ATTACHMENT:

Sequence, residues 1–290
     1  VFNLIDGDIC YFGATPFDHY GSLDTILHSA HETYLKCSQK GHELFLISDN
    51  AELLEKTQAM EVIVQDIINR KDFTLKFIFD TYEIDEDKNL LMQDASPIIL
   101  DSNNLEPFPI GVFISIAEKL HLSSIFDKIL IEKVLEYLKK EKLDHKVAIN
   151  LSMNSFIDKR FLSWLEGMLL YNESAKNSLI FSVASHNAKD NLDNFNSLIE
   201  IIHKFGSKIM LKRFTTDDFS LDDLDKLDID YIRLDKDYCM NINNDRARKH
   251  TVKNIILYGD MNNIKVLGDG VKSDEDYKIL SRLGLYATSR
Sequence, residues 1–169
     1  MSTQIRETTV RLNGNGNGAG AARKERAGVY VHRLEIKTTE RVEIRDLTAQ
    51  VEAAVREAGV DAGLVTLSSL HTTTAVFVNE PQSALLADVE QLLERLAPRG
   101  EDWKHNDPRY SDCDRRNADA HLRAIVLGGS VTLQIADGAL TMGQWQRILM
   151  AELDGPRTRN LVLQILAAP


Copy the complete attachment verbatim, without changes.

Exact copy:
Sequence, residues 1–290
     1  VFNLIDGDIC YFGATPFDHY GSLDTILHSA HETYLKCSQK GHELFLISDN
    51  AELLEKTQAM EVIVQDIINR KDFTLKFIFD TYEIDEDKNL LMQDASPIIL
   101  DSNNLEPFPI GVFISIAEKL HLSSIFDKIL IEKVLEYLKK EKLDHKVAIN
   151  LSMNSFIDKR FLSWLEGMLL YNESAKNSLI FSVASHNAKD NLDNFNSLIE
   201  IIHKFGSKIM LKRFTTDDFS LDDLDKLDID YIRLDKDYCM NINNDRARKH
   251  TVKNIILYGD MNNIKVLGDG VKSDEDYKIL SRLGLYATSR
Sequence, residues 1–169
     1  MSTQIRETTV RLNGNGNGAG AARKERAGVY VHRLEIKTTE RVEIRDLTAQ
    51  VEAAVREAGV DAGLVTLSSL HTTTAVFVNE PQSALLADVE QLLERLAPRG
   101  EDWKHNDPRY SDCDRRNADA HLRAIVLGGS VTLQIADGAL TMGQWQRILM
   151  AELDGPRTRN LVLQILAAP